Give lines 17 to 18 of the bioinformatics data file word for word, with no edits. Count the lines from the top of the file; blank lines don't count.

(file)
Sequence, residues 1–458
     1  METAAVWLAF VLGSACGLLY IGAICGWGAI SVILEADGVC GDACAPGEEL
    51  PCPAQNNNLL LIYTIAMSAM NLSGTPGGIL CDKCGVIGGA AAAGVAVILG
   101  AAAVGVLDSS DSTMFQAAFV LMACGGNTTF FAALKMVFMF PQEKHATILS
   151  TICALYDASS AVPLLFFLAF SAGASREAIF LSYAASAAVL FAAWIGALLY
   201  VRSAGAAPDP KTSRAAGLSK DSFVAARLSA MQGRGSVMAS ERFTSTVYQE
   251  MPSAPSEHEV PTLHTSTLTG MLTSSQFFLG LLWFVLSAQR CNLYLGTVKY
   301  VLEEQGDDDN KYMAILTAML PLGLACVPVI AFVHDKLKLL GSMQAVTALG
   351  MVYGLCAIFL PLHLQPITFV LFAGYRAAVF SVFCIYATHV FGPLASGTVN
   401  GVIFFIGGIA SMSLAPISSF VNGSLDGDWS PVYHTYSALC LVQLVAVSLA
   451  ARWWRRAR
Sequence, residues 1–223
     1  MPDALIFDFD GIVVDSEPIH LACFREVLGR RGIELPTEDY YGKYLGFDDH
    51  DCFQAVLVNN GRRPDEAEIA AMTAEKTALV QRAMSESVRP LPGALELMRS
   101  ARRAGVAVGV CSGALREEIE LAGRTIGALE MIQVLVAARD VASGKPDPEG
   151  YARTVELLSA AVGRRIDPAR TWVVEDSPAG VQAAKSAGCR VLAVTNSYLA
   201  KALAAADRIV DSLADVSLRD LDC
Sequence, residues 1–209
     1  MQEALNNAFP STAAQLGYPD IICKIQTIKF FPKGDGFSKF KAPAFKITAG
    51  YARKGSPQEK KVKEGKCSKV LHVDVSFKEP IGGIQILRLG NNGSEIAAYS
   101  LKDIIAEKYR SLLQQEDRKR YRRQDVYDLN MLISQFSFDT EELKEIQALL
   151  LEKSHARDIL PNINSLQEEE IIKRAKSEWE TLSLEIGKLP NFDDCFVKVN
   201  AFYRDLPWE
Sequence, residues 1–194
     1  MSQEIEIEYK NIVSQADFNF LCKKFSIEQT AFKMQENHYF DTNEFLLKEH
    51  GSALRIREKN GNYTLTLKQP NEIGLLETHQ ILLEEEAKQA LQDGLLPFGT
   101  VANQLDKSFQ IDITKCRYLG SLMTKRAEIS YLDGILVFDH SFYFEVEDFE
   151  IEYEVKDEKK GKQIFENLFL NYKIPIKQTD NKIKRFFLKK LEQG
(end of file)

   201  KALAAADRIV DSLADVSLRD LDC
Sequence, residues 1–209